How to Write About the Dirty War
How do you write about Argentina’s Dirty War, when thousands were disappeared and executed? Phil Klay reads Patricio Pron’s new novel, My Father’s Ghost is Climbing in the Rain, and says he’s found the way.
Between 1976 and 1983 the Argentinian government “disappeared,” or secretly abducted, approximately 30,000 of its own people. This “Dirty War” began in response to left-wing terrorism and guerilla groups but then rapidly expanded its scope to repress journalists, trade-unionists, students, activists, and alleged sympathizers, resulting in thousands detained, tortured, and killed. Atrocities of this magnitude are difficult to process, and equally difficult to write about in a manner appropriate to the scale of the crime. As Alexander Aitken wrote, facing the impossibility of conveying the Battle of the Somme, "I leave it to the sensitive imagination; I once wrote it all down, only to discover that horror, truthfully described, weakens to the merely clinical." The Dirty War creates a similar difficulty. A simple catalogue—the names of the dead, the methods of torture, the kidnapped children—can only do so much. How, then, to approach the subject?
A startlingly brilliant solution is offered in My Father's Ghost Is Climbing in the Rain, by Argentine writer and journalist Patricio Pron. This is the fifth novel by the prolific 37-year-old, who has also published three story collections, but it is his first full-length work translated into English.
The book begins in Germany, told by a shiftless, rootless, and decidedly unreliable narrator who admits at the outset, "my consumption of certain drugs made me almost completely lose my memory, so that what I remember...is pretty vague and sketchy." Essentially homeless by choice, he prefers sleeping on a variety of friends' couches to staying in one fixed place, and claims, "something had happened to my parents and me and to my siblings that prevented me from ever knowing what a home was, or what a family was," though what that thing was he doesn't understand. Nor does he evince much interest in his past, saying, "I'm not really all that curious about myself."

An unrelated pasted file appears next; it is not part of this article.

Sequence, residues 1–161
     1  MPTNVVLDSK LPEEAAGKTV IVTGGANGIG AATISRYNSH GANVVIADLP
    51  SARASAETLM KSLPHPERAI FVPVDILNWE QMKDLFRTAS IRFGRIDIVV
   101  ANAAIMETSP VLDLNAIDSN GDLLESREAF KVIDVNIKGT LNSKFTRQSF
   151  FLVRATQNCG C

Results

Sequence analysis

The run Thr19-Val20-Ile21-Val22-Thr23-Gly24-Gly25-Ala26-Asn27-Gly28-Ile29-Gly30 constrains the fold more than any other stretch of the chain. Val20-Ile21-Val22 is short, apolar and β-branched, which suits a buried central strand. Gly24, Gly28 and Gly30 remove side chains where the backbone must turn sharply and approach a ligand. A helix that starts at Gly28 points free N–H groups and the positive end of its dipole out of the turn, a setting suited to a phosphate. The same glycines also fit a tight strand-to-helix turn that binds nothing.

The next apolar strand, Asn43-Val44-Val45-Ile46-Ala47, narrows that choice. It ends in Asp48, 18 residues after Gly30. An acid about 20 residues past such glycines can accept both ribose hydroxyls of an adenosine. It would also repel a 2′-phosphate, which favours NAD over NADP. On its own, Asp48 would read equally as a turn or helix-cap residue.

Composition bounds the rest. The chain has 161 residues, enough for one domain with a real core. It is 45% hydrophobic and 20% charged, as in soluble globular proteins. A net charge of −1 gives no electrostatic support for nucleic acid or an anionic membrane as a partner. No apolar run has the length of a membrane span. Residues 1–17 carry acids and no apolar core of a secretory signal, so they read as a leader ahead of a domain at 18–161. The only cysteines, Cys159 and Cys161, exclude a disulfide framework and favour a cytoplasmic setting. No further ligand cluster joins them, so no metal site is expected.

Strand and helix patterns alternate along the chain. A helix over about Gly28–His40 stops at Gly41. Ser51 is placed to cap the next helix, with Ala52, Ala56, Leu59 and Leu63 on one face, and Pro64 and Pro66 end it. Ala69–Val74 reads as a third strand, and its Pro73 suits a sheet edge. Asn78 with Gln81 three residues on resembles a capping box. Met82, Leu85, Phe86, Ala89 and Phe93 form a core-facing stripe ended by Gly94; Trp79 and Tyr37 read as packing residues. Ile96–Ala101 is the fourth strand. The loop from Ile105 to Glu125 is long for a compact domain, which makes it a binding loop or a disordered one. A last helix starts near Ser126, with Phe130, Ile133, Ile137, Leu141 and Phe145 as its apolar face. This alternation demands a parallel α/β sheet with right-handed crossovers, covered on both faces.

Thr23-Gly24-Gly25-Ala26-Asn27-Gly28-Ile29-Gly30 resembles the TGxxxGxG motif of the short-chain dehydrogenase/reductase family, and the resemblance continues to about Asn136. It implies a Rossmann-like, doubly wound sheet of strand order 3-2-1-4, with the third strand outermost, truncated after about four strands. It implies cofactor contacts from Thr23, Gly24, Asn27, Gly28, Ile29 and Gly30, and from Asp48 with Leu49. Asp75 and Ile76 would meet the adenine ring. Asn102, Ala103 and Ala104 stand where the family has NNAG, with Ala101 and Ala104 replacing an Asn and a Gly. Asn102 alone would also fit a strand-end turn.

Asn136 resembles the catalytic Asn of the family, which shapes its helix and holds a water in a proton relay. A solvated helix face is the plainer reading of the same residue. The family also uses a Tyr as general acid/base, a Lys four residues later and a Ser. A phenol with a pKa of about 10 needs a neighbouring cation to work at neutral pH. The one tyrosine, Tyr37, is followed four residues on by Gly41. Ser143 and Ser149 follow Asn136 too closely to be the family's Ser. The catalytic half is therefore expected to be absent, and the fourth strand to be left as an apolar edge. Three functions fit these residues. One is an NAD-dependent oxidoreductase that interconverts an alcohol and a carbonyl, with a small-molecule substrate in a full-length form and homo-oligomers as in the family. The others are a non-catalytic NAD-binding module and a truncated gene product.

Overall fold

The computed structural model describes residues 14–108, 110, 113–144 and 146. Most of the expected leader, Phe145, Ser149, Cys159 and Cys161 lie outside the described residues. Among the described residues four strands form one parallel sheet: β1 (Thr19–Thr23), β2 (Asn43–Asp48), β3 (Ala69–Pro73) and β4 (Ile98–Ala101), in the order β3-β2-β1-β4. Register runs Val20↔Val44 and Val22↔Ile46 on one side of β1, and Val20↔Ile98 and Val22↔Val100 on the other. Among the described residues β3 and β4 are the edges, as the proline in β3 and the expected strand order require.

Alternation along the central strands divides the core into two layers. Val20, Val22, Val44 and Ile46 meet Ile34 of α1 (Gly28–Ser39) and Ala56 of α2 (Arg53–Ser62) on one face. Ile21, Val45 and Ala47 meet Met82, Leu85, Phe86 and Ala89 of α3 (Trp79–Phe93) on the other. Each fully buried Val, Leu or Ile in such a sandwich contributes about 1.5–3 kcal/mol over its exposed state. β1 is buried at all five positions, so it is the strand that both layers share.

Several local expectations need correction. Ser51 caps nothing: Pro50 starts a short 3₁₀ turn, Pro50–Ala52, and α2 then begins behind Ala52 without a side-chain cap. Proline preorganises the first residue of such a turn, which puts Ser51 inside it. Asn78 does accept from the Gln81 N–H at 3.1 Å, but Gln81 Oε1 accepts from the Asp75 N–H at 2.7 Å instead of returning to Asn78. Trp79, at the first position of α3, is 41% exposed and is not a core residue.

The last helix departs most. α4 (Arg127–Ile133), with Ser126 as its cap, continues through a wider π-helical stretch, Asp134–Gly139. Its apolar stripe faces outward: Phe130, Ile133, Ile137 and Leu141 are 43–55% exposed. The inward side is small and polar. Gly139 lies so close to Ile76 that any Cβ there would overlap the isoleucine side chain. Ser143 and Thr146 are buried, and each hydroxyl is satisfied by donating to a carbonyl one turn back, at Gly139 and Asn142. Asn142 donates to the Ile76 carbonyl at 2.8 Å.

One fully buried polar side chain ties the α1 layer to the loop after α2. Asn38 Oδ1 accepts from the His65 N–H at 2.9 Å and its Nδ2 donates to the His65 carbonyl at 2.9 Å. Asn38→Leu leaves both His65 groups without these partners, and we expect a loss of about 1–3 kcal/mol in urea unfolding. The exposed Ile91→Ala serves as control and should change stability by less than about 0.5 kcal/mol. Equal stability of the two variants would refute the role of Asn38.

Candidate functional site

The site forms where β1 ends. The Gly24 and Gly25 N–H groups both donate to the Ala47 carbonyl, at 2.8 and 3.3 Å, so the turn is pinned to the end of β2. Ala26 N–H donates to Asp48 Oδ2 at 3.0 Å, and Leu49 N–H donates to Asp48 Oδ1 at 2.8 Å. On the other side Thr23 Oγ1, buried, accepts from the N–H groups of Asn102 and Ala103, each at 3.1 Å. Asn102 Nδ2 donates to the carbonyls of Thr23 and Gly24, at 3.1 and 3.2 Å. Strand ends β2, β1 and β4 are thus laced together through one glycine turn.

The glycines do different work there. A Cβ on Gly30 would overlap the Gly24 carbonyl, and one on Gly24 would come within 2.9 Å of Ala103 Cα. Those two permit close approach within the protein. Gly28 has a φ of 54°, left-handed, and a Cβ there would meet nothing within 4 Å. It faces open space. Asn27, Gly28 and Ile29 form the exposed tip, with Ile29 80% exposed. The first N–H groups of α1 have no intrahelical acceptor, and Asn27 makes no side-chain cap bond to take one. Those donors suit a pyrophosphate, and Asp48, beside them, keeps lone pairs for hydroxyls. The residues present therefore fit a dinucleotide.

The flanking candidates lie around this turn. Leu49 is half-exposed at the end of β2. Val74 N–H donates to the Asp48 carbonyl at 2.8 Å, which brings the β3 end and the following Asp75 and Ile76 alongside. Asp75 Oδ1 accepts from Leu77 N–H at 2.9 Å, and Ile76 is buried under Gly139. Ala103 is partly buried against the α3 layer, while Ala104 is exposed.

Unshackled from knowledge of his past and from any sense of community, the narrator at first reads like a modern update of Sartre's Roquentin from Nausea, existing purely in the present and faced with the burden of existential freedom. But where Sartre's existential hero comes to earnestly believe that only the present exists and the past holds no claim on the living, Pron's narrator is engaged in an elaborate dodge. "You don't ever want to know certain things because what you know belongs to you," he writes, "and there are certain things you never want to own." To this end he continually increases his medication until "there was nothing stronger on the market and the doctors looked the way the caravan leaders in Westerns look when they say they will go only that far because beyond is Comanche territory."